Stephen Hayes exhibition in Durham, NC

Ella West Gallery (Durham, NC) presents Stephen Hayes: Reclaiming the Discarded, an exhibition of the artist’s ruminations on capitalism and consumerism across sculptures, wall reliefs, and textiles. Notions of cultural capital are reoriented through a modern lens in Hayes’ larger than life interrogations of the gaudy, shimmering, and resplendent, through a wide range of media including bullet shell casings, raw cotton buds, stone, twine, and bronze.

The exhibition is on view through Saturday, April 6, 2024. 

Hayes, a Duke University art professor who lives in Durham, began his craftsmanship journey when he was in only first grade. After watching his brother repair a remote-control car, Hayes developed a fascination with building, tinkering, reconfiguring, and reimagining, finding scraps of material to transform into his own unique creations.

From the workbench his mother built in their home, to the workshops and studios at North Carolina Central University and Savannah College of Art and Design, Hayes’ work embodies themes that touch on the deep historical threads of the transatlantic slave trade and reshape cultural perceptions of Black subjectivity.

His thesis exhibition Cash Crop has toured the country for over a decade; his work Voices of Future Past has been featured at the National Cathedral at Washington, D.C.; and his life-sized bronze casts of Black Civil War soldiers spotlight an overlooked group of heroes in Wilmington, NC. His work is also part of permanent collections at museums including the North Carolina Museum of Art in Raleigh, NC, and the Nasher Museum of Art in Durham.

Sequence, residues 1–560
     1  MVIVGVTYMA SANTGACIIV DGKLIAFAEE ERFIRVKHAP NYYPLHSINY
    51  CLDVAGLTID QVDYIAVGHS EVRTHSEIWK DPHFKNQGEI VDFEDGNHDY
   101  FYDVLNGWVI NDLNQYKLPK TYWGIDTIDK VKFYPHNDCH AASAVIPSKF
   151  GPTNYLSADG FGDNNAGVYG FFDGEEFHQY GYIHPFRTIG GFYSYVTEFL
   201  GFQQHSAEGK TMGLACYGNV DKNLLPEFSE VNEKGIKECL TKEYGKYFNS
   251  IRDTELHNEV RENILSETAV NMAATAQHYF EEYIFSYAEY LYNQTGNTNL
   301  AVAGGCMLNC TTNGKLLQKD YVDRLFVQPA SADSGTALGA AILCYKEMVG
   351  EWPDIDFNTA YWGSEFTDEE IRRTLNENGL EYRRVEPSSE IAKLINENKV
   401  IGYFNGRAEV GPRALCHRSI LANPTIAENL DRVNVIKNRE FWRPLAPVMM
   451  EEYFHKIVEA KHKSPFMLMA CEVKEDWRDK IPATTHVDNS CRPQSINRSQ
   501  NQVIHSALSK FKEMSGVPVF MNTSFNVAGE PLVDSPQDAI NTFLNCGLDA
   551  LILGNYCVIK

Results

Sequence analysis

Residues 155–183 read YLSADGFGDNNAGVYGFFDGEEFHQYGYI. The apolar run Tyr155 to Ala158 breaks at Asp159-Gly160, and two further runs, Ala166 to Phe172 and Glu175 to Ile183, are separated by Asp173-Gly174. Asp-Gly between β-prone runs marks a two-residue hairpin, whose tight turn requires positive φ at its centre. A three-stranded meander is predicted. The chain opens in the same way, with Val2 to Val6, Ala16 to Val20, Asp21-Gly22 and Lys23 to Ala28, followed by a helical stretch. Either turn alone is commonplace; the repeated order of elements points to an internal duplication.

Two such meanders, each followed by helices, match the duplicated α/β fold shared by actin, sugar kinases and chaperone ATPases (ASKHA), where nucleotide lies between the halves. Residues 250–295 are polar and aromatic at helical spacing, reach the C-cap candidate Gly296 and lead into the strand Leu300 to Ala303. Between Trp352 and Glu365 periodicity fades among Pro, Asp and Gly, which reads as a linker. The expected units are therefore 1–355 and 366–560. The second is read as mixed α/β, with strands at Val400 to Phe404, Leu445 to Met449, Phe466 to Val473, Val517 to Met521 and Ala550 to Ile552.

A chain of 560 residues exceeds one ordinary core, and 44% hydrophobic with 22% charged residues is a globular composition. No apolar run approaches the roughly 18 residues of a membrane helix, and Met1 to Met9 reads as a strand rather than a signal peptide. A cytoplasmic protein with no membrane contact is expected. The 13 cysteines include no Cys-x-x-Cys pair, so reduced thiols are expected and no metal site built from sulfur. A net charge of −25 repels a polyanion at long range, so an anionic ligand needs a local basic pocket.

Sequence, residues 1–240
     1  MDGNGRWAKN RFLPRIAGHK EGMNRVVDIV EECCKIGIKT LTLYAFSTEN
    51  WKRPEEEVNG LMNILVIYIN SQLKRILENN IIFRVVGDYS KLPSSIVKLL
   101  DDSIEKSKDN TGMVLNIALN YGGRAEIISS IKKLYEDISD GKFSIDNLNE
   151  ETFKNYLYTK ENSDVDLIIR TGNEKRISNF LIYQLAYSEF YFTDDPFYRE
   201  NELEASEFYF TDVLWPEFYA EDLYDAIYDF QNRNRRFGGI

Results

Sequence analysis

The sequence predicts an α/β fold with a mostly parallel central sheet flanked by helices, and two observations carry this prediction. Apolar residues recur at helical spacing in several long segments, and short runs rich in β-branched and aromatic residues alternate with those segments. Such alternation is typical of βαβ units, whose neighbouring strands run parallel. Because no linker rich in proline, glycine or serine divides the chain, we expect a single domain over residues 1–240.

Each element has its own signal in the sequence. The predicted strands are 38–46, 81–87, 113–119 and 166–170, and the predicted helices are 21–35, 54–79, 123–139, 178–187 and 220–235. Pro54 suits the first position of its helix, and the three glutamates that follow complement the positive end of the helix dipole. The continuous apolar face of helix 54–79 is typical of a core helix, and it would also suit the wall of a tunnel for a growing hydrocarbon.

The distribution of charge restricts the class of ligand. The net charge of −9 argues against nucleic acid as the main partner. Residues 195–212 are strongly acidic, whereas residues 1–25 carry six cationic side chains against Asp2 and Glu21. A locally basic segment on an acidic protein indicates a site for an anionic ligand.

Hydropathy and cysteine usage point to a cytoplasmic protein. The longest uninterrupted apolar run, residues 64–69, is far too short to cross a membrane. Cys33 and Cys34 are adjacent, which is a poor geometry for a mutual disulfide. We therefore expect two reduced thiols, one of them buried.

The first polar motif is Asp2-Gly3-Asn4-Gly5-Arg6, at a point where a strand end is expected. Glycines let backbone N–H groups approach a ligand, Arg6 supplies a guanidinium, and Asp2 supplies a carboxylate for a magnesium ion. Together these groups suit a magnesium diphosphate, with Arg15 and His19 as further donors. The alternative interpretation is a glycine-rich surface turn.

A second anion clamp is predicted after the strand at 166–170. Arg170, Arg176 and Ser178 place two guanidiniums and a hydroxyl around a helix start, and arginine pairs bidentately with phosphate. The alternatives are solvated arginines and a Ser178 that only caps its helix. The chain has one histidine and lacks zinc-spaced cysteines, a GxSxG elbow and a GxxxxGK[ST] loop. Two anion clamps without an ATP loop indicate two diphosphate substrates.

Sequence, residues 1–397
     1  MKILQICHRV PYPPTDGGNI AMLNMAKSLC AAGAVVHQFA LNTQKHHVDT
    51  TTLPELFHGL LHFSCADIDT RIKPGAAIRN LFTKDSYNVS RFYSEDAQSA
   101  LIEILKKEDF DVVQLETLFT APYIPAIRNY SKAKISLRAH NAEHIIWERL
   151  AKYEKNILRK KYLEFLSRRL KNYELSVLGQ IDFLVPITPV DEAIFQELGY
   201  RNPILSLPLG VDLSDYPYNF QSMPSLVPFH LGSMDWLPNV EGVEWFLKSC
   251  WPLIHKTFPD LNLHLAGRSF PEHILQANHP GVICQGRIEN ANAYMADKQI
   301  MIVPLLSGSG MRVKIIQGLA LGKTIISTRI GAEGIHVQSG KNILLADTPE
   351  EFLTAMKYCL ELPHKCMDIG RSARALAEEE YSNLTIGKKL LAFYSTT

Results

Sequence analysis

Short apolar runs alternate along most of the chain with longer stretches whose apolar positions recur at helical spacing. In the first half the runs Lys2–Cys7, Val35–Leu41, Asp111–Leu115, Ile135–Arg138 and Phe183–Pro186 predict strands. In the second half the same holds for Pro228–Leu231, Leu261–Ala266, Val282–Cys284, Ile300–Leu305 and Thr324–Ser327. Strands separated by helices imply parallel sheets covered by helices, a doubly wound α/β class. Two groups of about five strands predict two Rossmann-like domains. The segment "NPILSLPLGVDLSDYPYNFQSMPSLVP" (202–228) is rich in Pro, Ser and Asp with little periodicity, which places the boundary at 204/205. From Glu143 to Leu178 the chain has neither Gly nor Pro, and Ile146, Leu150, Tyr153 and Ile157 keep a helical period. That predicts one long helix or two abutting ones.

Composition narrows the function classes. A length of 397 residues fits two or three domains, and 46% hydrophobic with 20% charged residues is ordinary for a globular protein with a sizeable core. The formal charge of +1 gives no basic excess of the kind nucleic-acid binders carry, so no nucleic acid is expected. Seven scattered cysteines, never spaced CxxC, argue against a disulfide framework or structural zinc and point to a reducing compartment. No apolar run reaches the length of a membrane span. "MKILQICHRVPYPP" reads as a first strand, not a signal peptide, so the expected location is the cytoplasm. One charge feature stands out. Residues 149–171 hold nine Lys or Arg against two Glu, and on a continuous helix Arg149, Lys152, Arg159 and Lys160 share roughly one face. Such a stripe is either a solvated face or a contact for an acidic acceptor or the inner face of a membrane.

In Stephen Hayes: Reclaiming the Discarded, Hayes traces a historical sojourn from the shores of the West African coast, through the trials of slavery and Jim Crow, and into the modern-day scars left physically and mentally on the Black community in America. The truths and subjects of these untold stories are underscored by Hayes’ choices of materials and media.

“Hayes’ process of reclaiming found materials that would traditionally be deemed broken or undesirable calls into question what exactly we are being told to aspire to and whose interests are served in pursuit of these aspirations,” gallery founder Linda Shropshire. “In Stephen Hayes: Reclaiming the Discarded, the artist’s deep well of techniques and variety of media speak to his understanding of the ways that we, too, are broken and discarded by a system that prioritizes productivity over community, appearance over quality, and symbolic wealth over wellness.”

Stephen Hayes artwork

Stephen Hayes, QUEEN COTTON, 2021.
Stephen Hayes, QUEEN COTTON, 2021. Courtesy of the artist and Ella West Gallery.

In Queen Cotton, 2021, raw cotton buds tell a story underscoring the juxtaposition between idyll and toil. Reaching through the thick bolls of cotton with hands poised for plucking, the textured Afro cloud adorning the head of Queen Cotton is a site where those who toiled reclaim their regality. Adorned with a crown of burr flowers, the sharpest part of the plant, she is imbued with a messianic divinity that both confronts and renews those engaging with her multidimensional narrative.